From Publishers Weekly

Neurologist and professor Sacks, best known for his books Awakenings and The Man Who Mistook His Wife for a Hat, dedicates his latest effort to the relationship between music and unusual brain disorders. Embracing the notion that neurology is an inherently British phenomenon, foreign to the New World, Sacks's book is read by impeccably polished actor Prebble (PW's 2006 Narrator of the Year). As befitting so urbane and smooth a reader, Prebble sounds as if his shirt had just been starched and his lab coat carefully pressed before beginning. With nary a word out of place, Prebble steps onto the stage, playing the good Dr. Sacks for this one-time-only performance. Simultaneous release with the Knopf hardcover (Reviews, Aug. 27).
Copyright © Reed Business Information, a division of Reed Elsevier Inc. All rights reserved. --This text refers to the Audio CD edition.

More About the Author

Oliver Sacks was born in London and educated in London, Oxford, California, and New York. He is professor of neurology and psychiatry at Columbia University, and Columbia's first University Artist. He is the author of many books, including Awakenings, The Man Who Mistook His Wife for a Hat, and Musicophilia. His newest book, Hallucinations, will be published in November, 2012.

Related Media

 
   

Customer Reviews

Very interesting book.
Ana C. Mejia Pereira
In this absolutely fascinating book, renowned neurologist Oliver Sacks explores the musical side of the human brain.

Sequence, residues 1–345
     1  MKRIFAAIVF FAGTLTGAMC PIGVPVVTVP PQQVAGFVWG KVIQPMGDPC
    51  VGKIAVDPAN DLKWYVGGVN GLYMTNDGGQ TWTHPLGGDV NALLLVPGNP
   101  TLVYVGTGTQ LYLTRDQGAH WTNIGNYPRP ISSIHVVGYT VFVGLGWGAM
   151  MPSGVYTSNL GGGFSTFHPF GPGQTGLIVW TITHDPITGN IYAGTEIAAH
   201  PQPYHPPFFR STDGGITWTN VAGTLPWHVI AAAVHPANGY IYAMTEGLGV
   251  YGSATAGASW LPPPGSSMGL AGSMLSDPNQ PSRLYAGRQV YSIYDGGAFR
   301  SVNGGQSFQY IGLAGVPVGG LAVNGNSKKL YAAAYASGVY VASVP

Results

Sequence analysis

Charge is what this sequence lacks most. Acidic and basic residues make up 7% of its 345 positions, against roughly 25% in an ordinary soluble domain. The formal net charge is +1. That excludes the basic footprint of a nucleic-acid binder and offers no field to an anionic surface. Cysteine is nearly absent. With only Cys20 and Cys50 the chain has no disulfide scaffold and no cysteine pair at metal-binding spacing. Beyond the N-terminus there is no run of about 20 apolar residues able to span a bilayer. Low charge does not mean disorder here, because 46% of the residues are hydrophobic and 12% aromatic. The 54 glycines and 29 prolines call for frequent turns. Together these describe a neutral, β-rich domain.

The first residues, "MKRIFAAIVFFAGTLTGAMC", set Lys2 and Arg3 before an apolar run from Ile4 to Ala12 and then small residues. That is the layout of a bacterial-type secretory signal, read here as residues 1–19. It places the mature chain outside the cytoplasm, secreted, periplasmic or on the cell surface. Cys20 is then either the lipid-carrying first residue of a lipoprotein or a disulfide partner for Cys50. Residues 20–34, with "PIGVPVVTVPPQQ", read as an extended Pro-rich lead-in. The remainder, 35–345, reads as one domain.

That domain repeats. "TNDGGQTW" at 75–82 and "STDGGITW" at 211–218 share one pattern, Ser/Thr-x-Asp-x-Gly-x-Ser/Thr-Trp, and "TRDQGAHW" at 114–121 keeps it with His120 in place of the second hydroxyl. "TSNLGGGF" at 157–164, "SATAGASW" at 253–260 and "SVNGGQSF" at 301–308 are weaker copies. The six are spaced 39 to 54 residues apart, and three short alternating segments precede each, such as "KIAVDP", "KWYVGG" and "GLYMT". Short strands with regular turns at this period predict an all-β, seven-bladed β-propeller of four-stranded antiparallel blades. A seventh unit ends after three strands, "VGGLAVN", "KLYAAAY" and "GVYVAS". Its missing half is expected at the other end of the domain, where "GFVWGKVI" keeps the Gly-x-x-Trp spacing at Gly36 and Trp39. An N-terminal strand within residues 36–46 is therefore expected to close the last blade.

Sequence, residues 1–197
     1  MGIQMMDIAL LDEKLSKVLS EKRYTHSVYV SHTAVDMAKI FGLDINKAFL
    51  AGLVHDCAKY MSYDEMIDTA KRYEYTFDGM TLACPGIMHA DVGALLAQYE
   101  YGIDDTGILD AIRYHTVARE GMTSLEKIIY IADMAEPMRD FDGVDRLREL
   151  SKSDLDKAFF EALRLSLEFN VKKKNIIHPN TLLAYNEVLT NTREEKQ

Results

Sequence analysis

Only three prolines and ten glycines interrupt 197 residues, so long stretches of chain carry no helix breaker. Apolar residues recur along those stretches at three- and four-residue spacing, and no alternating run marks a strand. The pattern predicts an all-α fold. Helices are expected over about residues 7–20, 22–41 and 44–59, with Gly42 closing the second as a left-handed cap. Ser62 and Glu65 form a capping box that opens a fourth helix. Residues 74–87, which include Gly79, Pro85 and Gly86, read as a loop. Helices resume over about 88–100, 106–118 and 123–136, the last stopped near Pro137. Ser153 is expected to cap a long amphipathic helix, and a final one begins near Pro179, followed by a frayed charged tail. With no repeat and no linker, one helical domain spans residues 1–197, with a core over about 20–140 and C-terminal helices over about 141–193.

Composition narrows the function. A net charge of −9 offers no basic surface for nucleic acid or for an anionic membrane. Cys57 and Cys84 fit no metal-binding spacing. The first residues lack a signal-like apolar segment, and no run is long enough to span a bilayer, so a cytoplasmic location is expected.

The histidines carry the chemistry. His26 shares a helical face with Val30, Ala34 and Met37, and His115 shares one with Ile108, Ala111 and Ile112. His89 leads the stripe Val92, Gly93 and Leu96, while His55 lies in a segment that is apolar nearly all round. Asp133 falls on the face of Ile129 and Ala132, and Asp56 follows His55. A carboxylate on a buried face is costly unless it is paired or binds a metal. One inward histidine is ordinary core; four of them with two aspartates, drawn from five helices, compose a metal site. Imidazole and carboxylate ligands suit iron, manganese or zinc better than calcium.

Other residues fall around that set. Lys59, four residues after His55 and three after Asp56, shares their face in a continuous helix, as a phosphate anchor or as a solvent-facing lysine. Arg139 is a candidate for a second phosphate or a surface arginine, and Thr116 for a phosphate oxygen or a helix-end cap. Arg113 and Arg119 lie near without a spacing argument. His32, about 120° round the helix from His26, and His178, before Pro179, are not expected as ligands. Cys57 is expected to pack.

Valerie J. Saturen
Recommendation I highly recommend this book for anyone interested in music and the brain.
Andrea Trementozzi

Most Helpful Customer Reviews

207 of 216 people found the following review helpful By medreader on October 26, 2007
Format: Hardcover
Musicophilia is an absolutely phenomenal book, and will be of interest to anyone fascinated by music, mysteries of the mind, and the human condition. Sacks covers 29 different topics, ranging from synesthesia, to musical hallucinations, to savants, and beyond. In each chapter, he introduces the topic through cases (his own and famous ones in the literature--neurological and classic fictional literature, that is!), always maintaining a deep engagement with the humanity of the subjects: what is it like for these individuals? how do they describe their talent or illness or condition? Sacks also speculates on the possible neurological bases for these fascinating scenarios. This is a real page-turner, beautifully and clearly written, and it will give readers a new respect for the special place of music in our psychology, as well as a deeper understanding of the range of what it is to be human. 20 stars!